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Travel Guide Africa Mozambique Inhambane



Inhambane Church

Inhambane Church

© All Rights Reserved Nat and Ev

Inhambane is one of the oldest settlements on the east coast of Mozambique, having been a trading post for about a thousand years and being one of Vasco da Gama's favourite spots in Africa. With churches, mosques, and a Hindu temple, it shows an ecumenical side typical of this coast, and the colonial era buildings display styles including Art Deco and Streamline Moderne. Its low-key charm tends to be overlooked by its role as a transit town for visitors to Tofo but it's worth a day or two of anyone's pottering.



Getting There

By Bus

Chapas (minibuses) between Vilanculos and Maxixe (pronounced Masheesh) leave from Vilanculos up to about midday. The journey takes about 5 hours, because a portion of the road (between Nhachengue and Massinga) is in poor condition. It's also four people to a row so is not a comfortable ride. Once you see the jetty at Maxixe, ask to be dropped off.
Minibuses from Inhambane to Maputo take about 8.5 hours.

By Boat

The main ferry to from Maxixe to Inhambane runs every 1-1.5 hours, taking 20-25 minutes. You'll be asked to leave any luggage outside the passenger compartment. It will then be dumped on the jetty at Inhambane from where you can retrieve it. If the ferry isn't there, you'll be approached by dhow captains offering you a ride. They also charge M10 and take the same time as the ferry.




Guiquindo LodgeMozambique Lodge GuinjataHotel-
MozamBeat HotelPraia de TofinhoHOTEL-
Bonito BayMorrungulo Beach MassingaGUESTHOUSE-



Keep Connected


Internet is widely available in Maputo, with many internet cafes and all major hotels having internet access. Outside Maputo internet coverage is sporadic and mostly available in places frequented by tourists. Local Telecommunication de Mozambique (TDM) offices almost always have internet although speed and availability can be problematic.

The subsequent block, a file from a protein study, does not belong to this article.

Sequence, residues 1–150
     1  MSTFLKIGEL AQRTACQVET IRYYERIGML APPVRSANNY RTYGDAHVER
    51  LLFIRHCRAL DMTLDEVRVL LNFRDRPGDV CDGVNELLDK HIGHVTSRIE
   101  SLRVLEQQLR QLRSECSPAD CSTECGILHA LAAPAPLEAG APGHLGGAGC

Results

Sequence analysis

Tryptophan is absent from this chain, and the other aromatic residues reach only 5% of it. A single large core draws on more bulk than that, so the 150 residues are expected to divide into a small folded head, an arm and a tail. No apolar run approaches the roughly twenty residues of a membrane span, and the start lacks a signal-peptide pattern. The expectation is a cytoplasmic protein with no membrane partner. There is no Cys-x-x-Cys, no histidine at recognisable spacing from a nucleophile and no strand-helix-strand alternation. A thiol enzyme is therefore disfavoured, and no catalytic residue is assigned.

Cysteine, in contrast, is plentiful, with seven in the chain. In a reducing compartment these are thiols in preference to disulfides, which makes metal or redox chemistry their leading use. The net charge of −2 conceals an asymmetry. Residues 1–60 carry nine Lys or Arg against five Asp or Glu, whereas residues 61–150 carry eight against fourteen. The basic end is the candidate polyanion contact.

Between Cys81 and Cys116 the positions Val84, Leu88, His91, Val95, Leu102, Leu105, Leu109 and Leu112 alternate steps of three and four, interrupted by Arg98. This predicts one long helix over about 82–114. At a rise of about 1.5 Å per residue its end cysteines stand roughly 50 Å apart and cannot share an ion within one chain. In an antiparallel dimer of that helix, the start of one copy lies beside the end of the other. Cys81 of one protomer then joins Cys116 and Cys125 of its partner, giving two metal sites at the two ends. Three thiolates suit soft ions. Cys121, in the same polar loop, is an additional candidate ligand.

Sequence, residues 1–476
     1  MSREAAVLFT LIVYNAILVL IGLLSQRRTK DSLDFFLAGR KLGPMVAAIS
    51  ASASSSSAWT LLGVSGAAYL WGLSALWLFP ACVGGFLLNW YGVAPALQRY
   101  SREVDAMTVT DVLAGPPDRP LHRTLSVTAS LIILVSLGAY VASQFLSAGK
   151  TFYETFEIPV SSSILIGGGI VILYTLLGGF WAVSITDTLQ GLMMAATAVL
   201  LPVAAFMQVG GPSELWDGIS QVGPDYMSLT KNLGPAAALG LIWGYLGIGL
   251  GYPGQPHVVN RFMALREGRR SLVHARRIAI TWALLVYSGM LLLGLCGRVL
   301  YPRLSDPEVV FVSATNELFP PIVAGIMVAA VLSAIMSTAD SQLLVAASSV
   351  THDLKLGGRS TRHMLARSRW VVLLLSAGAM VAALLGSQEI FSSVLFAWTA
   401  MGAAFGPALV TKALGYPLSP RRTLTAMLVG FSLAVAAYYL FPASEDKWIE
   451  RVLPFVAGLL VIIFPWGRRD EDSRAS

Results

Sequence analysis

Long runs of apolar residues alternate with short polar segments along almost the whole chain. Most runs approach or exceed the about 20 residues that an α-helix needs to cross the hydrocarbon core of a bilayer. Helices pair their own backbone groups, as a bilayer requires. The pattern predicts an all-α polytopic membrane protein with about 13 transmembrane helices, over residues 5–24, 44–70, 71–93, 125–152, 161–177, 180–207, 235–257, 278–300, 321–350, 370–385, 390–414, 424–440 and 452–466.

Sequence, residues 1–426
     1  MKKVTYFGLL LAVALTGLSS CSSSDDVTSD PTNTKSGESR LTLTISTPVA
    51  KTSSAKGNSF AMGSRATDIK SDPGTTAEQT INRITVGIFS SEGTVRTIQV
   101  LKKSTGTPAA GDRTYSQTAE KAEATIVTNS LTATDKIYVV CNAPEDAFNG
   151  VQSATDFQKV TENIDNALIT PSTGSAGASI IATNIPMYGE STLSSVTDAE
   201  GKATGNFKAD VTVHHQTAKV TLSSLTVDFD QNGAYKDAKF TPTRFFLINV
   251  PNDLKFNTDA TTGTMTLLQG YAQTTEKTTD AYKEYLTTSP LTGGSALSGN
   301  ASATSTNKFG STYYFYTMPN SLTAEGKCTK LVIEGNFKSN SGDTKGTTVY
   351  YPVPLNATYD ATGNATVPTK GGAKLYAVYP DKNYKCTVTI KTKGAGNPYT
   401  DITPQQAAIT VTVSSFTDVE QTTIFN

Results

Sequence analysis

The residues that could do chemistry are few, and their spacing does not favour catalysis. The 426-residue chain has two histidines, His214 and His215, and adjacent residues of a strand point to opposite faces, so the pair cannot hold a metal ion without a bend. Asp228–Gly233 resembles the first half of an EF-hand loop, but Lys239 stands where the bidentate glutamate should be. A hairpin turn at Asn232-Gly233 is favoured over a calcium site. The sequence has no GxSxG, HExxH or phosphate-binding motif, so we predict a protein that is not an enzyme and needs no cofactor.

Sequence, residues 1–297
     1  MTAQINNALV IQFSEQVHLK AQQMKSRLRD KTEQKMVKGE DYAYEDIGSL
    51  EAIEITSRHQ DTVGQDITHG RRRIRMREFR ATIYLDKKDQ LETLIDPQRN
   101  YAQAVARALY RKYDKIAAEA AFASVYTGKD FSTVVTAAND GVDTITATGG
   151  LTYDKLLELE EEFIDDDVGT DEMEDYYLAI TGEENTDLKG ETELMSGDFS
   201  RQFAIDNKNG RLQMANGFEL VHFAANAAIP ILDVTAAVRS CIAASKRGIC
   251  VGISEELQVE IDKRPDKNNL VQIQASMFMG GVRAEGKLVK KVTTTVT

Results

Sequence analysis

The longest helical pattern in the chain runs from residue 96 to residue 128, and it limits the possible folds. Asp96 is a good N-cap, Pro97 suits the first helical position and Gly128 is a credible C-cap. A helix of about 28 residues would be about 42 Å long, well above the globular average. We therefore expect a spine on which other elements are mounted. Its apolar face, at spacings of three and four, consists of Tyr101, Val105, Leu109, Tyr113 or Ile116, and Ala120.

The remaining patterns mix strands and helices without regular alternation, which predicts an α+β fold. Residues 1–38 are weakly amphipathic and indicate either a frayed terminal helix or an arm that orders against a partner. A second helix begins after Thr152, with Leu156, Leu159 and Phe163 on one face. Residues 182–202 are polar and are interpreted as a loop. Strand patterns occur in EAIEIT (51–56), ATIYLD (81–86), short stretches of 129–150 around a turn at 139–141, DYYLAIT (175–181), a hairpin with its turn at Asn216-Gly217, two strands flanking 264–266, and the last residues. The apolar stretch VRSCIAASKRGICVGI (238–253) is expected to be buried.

See also International Telephone Calls

Mozambique's international telephone code is 258.

mCel is the state-owned provider, and as of yet the government has only licensed one other company, the South-African owned Vodacom Mozambique. Apparently a third is arriving shortly. GPRS (data and internet) are available on mCel, with 3G in Maputo and other main cities. Vodacom have 3G in many towns and GPRS Edge elsewhere. The APN is internet. Check your phone manual for setting instructions. The mCel service is not entirely reliable, especially outside Maputo. Vodacom is generally very good. While it is OK to buy credit from the hundreds of vendors roaming the streets wearing mCel or Vodacom shirts you should never buy SIM cards / starter packs, in many cases they sell them at hugely inflated prices and often they will be from one of the many recalled batches that no longer work. Any mobile phone store can sell you a working starter pack for around 50Mts.


Correios de Moçambique offers postal services in the country, but they are slow and unreliable at times. For parcels you should definately contact companies like FedEx, DHL, UPS or TNT, as they offer far better services.


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This is version 10. Last edited at 8:24 on Aug 14, 15 by Utrecht. 4 articles link to this page.

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